Area(s): Platform Cooperativism, Data Cooperatives, Ownership, Cooperativism, Digital Cooperatives, Ridesharing, Partnerships, Local-to-Global, Mutualization, Delivery workers, Transportation

Article

  • https://transform.ucsc.edu/on-demand-and-on-the-edge/

  • https://transform.ucsc.edu/wp-content/uploads/2020/05/OnDemandOntheEdge_ExecSum.pdf

  • https://transform.ucsc.edu/wp-content/uploads/2020/05/OnDemand-n-OntheEdge_MAY2020.pdf

The Politics of Platform Capitalism. A Case Study on the Regulation of Uber in New York

Author(s): Timo Seidl

Year: 2020

Related Organizations:

  • Timo Seidl

    • European University Institute

Area(s): Platform Cooperativism, Data Cooperatives, Ownership, Anti-trust, Cooperativism, Digital Cooperatives, Partnerships, Local-to-Global, Mutualization, Alternative Organizing, Political Economy, Laws and Regulations, Platform Capitalism, Institutionalism

Abstract

Platform companies like Uber not only disrupt existing markets but also contest existing regulatory regimes. This raises the question of how, when, and why such companies are regulated. This paper develops, tests and defends a theoretical framework that explains the politics of regulatory response to the rise of platform capitalism. Using discourse network analysis and a case study on the regulation of Uber in New York, it shows that the success or failure of regulations depends on the ability of actors to mobilize broad coalition; that narratives affect the composition of these coalitions; and that platform companies have both unique political strengths and vulnerabilities. The paper makes substantive contributions to our understanding of the politics of platform capitalism, and it makes theoretical contributions to the literatures on coalitional politics, ideational institutionalism, and business power.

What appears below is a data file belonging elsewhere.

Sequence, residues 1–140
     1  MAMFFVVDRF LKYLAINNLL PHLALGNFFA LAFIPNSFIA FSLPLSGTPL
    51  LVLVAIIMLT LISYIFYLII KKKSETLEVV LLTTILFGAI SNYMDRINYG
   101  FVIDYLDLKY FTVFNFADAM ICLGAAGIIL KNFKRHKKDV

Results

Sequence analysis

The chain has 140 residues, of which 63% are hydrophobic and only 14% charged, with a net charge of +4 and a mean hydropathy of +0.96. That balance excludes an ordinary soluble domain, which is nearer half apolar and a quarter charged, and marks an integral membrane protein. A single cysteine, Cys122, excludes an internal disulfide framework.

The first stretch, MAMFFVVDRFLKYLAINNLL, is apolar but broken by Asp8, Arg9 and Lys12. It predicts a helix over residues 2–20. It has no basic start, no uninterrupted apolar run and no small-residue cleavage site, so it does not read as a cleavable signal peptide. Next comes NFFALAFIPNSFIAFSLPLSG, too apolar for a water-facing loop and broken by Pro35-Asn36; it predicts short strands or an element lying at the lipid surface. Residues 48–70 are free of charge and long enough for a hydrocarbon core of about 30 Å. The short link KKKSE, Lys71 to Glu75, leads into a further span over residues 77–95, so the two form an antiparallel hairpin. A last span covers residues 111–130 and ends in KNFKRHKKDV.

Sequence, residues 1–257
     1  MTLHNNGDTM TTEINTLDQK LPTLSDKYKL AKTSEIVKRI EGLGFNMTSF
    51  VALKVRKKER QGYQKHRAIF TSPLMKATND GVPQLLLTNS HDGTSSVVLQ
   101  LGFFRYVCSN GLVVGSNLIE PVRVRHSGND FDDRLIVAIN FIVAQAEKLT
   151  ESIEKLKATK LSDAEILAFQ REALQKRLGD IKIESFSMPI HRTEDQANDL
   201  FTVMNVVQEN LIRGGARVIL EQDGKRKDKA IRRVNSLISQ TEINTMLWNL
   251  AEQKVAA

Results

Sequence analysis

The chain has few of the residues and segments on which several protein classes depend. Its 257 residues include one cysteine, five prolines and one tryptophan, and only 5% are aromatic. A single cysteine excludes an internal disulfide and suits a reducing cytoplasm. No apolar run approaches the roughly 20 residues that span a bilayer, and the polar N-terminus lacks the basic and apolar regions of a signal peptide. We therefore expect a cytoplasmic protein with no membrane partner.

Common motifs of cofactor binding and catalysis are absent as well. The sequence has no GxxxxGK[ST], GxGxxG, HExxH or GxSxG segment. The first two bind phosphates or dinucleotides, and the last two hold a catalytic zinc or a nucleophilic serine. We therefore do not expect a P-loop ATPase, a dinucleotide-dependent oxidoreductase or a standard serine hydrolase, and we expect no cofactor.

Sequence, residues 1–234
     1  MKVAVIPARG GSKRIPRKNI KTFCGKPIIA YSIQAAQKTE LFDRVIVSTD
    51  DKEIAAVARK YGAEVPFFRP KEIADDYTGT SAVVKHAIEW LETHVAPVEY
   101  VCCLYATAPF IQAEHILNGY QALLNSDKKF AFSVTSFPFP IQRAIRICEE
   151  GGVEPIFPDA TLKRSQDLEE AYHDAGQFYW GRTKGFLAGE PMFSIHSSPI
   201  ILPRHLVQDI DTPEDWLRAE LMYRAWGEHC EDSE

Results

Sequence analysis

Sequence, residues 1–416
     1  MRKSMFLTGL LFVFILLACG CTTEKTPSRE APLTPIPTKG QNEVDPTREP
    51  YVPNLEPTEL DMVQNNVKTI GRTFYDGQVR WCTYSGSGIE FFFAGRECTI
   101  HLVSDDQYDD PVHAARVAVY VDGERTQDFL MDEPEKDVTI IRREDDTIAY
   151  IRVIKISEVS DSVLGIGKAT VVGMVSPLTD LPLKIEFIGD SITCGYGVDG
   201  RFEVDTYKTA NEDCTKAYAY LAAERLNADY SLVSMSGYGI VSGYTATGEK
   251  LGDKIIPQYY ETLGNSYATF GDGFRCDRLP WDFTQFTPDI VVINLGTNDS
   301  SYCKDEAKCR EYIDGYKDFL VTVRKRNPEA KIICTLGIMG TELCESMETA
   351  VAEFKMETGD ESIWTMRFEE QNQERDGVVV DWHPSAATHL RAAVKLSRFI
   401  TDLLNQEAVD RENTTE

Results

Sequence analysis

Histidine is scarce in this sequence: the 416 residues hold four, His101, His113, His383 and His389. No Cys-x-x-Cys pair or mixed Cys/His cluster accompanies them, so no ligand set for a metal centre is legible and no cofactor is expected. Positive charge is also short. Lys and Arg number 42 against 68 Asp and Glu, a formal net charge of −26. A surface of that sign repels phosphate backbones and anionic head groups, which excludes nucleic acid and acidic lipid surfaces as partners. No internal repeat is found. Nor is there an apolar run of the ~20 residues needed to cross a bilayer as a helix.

Article

  • https://www.researchgate.net/publication/340065937_The_Politics_of_Platform_Capitalism_A_Case_Study_on_the_Regulation_of_Uber_in_New_York

Exploring the governance of platform cooperatives: A case study of a multi-stakeholder marketplace platform cooperative.

Author(s): Fredrik Andersson Bohman

Year: 2017

Related Organizations:

  • Fredrik Andersson Bohman

    • University of Gothenburg

Area(s): Platform Cooperativism, Data Cooperatives, Ownership, Internet Marketplace, Governance Models, Business Models, Commons, Cooperativism, Digital Cooperatives, Partnerships, Local-to-Global, Mutualization, Alternative Organizing, Sharing Economy, Solidarity Economy

Abstract